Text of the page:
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3 Clown. Our wives and daughters are, for they are sure

To get by the bargain ;
Although our barns be emptied, they 'll be sure
To be with bairn for’t. (pron. barne.)

rather than live like beasts. 3 Clown. Ay, and like horn-beasts, neighbour.

It is not a fart matter.") See for another instance the quotation from Marlowe, S.V.,

p. 180.

XI.

Certain words used with reference to the agent.
King Henry VIII. i. 1,-

I wonder,
That such a keech can, with his very bulk,
Take up the rays o'th' beneficial sun,

And keep it from the earth.” Beneficial, i.e., beneficent. It is to be observed that the words benefit and beneficial, in our old writers, almost uniformly involve the idea of a benefactor, which has since been dropped, except in cases where the context implies that idea, e.g., conferring or receiving a benefit. (Compare the similar change in the meaning of injury; e.J., “the corn has received great injury from the bad weather ; “late hours are very injurious to health,” &c.) So understand Comedy of Errors, i. 1,

“Therefore, merchant, I limit thee this day
To seek thy [help] by beneficial help :
Try all the friends thou hast in Ephesus,” &c.

T. N. Kinsman, iii. 6 (Fletcher’s part), near the beginning, –

“Would you were so in all, sir! I could wish you
As kind a kinsman, as you force me find [you]
A beneficial foe; that

my

embraces Might thank you, not my blows.” Hamlet, i. 3, init.,

as the winds give benefit, And convoy is assistant, do not sleep,

But let me hear from you.” (As Cymbeline, iv. 2

When expect you them?
Captain. With the next benefit o'th' wind.")
King Lear, i. 4,-

"Turn all her mother's pains and benefits

To laughter and contempt."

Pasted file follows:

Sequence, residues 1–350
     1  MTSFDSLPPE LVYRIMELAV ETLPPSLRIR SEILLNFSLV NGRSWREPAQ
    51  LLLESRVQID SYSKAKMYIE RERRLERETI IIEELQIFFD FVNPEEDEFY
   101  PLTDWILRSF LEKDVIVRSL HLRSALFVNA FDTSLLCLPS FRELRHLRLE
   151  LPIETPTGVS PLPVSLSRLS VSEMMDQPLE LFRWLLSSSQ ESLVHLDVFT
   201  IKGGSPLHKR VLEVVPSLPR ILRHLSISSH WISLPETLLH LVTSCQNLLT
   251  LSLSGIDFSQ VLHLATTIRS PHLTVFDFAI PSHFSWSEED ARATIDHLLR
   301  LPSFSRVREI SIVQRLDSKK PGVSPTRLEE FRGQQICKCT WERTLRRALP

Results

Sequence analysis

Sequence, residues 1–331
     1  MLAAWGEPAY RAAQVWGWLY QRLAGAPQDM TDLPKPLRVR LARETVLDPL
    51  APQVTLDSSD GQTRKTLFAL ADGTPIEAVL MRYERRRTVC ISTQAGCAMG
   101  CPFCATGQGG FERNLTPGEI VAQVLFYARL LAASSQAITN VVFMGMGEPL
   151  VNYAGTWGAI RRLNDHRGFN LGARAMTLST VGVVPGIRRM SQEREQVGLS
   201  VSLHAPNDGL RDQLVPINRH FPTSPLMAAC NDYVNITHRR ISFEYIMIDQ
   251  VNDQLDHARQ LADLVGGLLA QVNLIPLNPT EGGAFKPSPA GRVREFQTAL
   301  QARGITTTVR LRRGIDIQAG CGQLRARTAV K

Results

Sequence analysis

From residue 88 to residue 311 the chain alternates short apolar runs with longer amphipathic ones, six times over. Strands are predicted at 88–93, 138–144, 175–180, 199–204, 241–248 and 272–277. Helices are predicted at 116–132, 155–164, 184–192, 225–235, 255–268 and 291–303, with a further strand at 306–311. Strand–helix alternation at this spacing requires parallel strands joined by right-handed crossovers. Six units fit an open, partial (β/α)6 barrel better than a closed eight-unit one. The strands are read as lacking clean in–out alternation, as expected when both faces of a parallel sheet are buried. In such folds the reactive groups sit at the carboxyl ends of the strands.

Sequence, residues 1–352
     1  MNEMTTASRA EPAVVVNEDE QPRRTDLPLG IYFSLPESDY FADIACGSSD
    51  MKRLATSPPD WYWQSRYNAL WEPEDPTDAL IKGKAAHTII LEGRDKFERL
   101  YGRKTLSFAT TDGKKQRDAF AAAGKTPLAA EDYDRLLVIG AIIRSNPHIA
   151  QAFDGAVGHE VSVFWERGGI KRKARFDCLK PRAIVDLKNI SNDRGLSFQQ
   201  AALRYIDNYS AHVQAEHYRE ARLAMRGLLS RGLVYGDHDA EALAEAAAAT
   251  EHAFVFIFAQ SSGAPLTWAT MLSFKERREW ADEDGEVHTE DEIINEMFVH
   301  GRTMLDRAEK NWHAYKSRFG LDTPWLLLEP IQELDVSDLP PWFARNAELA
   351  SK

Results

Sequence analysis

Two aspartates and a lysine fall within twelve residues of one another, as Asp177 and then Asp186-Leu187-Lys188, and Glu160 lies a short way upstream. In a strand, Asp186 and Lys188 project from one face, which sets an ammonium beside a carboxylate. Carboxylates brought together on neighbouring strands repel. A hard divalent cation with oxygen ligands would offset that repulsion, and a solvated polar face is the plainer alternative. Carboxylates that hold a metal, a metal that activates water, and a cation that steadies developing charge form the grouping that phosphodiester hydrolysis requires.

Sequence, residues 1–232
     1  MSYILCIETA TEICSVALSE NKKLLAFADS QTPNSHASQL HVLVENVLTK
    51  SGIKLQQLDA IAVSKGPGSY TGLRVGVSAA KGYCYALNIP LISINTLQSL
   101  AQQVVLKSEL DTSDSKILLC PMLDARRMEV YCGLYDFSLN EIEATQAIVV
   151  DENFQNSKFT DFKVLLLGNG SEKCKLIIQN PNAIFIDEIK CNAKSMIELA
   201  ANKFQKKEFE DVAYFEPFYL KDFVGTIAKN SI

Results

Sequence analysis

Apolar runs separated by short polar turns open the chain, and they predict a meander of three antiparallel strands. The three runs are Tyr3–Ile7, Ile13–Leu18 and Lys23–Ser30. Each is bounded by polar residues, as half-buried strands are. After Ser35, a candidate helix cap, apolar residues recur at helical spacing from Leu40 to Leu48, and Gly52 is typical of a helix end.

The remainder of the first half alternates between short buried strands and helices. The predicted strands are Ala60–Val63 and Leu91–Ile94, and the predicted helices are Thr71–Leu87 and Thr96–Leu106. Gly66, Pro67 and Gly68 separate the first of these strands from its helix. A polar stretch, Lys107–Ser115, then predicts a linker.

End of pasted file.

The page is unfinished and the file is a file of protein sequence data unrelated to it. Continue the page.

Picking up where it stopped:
Hamlet of 1603,-

" And shall I kill him now,
When he is purging of his soule ?
Making his way for heauen, this is a benefit,

And not reuenge."
Webster, Dutchess of Malfy, iii. 5, Dyce, vol. i. p. 253,--

The birds that live i' th' field
On the wild benefit of nature, live

Happier than we;” as we now say, on the bounty of nature; and see Middleton, quoted in Dyce's note. Massinger, Emperor of the East, iv. I, Moxon, p. 254, col. 2,

In this
The sweetness of your temper does abuse you ;
And you call that a benefit to yourself,
Which she, for her own ends, conferr'd upon you."

creep in.

Perhaps, however, the modern use had already begun to

2 King Henry VI. i. 3,-
“ As for the duke of York, this late complaint

Will make but little for his benefit."
So also artificial is used with a reference to the agent.
Midsummer Night's Dream, iii. 2,-

“We, Hermia, like two artificial gods,

Have with our neelds created both one flower,” &c.; deabus artificibus similes. Pericles, v. 1,

“If that thy prosperous-artificial feat
Can draw him but to answer thee in aught,

Thy sacred physic shall receive such pay,” &c.; the successful exertion of thy art.37 (By the way, artful in our old writers is sometimes used as we now use artificiul. Beaumont and Fletcher, Queen of Corinth, iii. 1, Moxon, vol. ii. p. 34. col. 1, alluding, of course, to the story of Icarus,

“This giant will I fell beneath the earth;

I will shine out, and melt his artful wings.” In like manner, effect, in the old writers, always involves the idea of an effector. Effectus and -um, hoc est, quod ab aliquo efficitur. Sidney, Defence of Poesy, p. 506, 1. 15,